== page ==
In his career, Wickersham drove in the first races at some world-renowned race tracks, including Bristol Motor Speedway in Tennessee, Charlotte Motor Speedway in North Carolina and Atlanta Motor Speedway.
Wickersham's experience at the debut race at Charlotte, the World 600, is a great example of how different the sport was. The race was delayed several weeks and many of the big teams did not finish the race because the asphalt was coming up off the track. Wickersham persevered, starting 50th out of 60 cars and finishing 26th because he rigged up chicken wire on the front end of the car to keep the asphalt from flying on to his windshield or tearing through his radiator.
Even his highest finish should have been seventh, but when another racer challenged him and claimed to be a lap ahead of him, he told him that was fine because he had to get out of there to see his girlfriend.
"I don't follow it that much anymore," Wickersham said of racing. "They've gotten away from what we call stock cars."
After stints ranching and raising wild cats, including cougars and leopards, Wickersham found that he was overweight and decided to take up running in 1978.
His first time out he tried to make it up the long driveway from his house to the road, but made it only a quarter mile, so he challenged himself to improve bit by bit.
He had gotten himself up to five miles before he entered his first race, a 10K.
"I thought I was going to die in that 10K," Wickersham said. "Then I did a 20K and then I did my first marathon."
That 26.2-mile race came at the Orange Bowl Marathon and even though he vowed he was done running and told his wife to throw out his shoes, it was too late. He was already hooked.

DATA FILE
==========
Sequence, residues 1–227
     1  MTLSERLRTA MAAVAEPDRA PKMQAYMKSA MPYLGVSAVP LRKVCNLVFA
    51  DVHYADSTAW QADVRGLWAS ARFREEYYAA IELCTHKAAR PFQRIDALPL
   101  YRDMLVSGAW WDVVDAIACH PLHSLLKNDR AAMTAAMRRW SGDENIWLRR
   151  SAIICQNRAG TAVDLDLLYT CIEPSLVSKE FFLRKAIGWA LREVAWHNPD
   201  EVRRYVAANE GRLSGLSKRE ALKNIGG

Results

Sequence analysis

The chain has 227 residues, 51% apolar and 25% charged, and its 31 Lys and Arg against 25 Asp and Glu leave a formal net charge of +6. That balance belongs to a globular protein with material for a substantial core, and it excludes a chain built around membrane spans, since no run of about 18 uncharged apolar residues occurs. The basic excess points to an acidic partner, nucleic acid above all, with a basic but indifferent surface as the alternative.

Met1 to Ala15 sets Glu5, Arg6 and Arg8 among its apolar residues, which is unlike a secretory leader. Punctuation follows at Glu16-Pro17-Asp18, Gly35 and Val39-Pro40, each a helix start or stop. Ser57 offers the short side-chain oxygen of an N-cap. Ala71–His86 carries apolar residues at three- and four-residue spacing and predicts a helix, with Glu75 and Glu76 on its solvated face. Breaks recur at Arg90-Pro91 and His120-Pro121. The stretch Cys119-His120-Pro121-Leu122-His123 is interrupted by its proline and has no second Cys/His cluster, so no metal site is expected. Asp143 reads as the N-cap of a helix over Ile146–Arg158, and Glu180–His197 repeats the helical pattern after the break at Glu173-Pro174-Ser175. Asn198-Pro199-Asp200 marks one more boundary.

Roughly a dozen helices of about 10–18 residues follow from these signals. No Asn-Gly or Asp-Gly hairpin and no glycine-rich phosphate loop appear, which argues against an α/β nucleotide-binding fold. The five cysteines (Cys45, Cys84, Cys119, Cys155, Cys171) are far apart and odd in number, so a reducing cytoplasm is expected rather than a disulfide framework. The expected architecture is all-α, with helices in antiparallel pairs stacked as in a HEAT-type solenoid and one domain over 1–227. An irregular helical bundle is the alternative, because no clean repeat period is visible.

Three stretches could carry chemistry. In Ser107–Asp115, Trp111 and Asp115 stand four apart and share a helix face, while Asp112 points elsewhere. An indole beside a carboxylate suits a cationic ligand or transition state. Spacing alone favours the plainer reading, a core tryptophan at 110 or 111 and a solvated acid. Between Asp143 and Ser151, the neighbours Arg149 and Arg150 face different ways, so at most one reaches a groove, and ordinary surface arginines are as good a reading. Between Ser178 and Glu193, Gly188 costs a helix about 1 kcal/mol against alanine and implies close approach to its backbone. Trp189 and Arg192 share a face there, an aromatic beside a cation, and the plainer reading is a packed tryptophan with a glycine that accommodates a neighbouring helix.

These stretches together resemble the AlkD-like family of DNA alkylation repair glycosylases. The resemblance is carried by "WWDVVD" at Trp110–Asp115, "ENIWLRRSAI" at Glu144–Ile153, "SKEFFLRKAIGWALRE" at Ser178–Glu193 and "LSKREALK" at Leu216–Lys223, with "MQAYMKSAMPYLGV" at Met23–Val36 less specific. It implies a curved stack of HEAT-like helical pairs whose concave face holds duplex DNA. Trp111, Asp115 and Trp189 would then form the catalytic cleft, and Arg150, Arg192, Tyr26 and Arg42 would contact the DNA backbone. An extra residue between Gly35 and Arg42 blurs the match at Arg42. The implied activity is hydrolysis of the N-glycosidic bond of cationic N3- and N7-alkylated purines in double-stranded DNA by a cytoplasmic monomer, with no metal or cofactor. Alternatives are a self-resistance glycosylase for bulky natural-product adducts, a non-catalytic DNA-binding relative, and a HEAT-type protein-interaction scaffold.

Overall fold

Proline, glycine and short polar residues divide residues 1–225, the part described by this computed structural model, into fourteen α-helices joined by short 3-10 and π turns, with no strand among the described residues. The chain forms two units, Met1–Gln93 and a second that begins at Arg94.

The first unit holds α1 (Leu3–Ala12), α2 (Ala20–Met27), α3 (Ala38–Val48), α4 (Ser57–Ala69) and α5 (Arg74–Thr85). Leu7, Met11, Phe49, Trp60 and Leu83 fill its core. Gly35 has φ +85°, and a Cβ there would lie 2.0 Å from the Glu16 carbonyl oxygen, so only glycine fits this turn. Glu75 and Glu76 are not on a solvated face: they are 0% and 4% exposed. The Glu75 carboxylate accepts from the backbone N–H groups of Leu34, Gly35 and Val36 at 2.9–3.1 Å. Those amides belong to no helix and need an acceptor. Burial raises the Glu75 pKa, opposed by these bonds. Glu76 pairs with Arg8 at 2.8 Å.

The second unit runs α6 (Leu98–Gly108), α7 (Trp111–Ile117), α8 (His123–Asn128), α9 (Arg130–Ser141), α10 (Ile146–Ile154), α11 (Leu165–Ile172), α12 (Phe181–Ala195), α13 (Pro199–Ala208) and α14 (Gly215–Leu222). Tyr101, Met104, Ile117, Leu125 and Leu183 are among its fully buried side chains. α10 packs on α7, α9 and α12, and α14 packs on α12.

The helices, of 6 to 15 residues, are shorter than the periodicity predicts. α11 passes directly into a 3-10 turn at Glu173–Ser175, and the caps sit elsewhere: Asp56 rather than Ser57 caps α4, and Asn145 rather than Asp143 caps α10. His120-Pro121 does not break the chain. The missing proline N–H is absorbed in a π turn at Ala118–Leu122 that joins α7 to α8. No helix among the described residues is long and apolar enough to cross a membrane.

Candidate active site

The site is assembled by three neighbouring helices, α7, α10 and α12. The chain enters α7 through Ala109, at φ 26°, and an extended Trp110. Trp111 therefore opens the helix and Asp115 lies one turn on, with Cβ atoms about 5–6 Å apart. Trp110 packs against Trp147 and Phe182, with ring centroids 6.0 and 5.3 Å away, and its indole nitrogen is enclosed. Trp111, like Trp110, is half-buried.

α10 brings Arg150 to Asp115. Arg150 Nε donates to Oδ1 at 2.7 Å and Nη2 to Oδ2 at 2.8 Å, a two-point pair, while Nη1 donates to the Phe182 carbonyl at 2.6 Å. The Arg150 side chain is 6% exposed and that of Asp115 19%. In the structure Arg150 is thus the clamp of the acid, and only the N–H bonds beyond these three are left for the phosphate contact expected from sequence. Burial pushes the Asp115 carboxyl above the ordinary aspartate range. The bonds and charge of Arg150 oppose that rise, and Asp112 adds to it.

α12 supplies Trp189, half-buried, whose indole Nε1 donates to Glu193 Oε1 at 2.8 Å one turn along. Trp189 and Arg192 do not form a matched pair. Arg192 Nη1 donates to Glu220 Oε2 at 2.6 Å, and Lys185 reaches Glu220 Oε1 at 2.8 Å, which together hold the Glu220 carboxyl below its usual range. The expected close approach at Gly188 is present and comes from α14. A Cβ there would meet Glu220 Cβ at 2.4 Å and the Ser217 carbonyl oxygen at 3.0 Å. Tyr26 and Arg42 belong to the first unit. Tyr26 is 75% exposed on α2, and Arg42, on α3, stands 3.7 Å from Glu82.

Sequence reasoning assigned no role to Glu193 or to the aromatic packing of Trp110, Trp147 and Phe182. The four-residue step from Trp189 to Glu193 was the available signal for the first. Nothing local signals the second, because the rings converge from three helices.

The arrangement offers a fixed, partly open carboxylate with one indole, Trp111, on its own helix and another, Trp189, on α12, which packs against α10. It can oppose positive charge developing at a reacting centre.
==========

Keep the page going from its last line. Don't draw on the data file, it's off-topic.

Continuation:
"Two weeks later I was up at the University of Florida running the Florida relays. I ran a marathon and knocked 36 minutes off my time. I got hooked on it and ran 24 marathons that year. I was trying to run one every other week. I missed a month, so I went out and ran five in a week."
Wickersham moved to Colorado in 1981 and upped the ante to ultra-marathons (any race longer than 26.2 miles; often 50 or 100 miles), of which he did 37 and eventually ended up setting an age-group world record.
While working for the Woodland Park School District, Wickersham set off on a 24-hour running challenge to help raise money for a school playground project. He ended up going 103 miles and raising about $3,000.
A year later, he decided to do it again and open the event to the public, drawing 60 runners. This time he ran just under 111 miles in 24 hours at 8,500 feet elevation.
"It was the highest anybody had ever run that long that high up, so they called it a world record," Wickersham said. "I held it for a year and a half and a guy beat me. I was 55 at the time and he was 35. He beat me by one hour."
Even having open-heart surgery and both knees replaced couldn't stop Wickersham, who moved to Oregon in 1988 and Newberg in 1989. He ran his last marathon in Portland just three years ago.
"My doctor told me he didn't want me running anymore because of my knees, so I went and did it just to prove I could do it. Then I turned around and did another one."
Although he has slowed down a bit in the past couple of years as he's cared full time for his wife, Gail, Wickersham still works out and sometimes can't help making it into a competition, even if no one else is aware of it.
"My ego gets me," Wickersham said. "I walk up and some guy half my age will be there and I'll ask to work in, then peg the machine down 100, 200 pounds and then they say they don't want to do that one that day. My wife says I'm just trying to rub it in. I love to compete."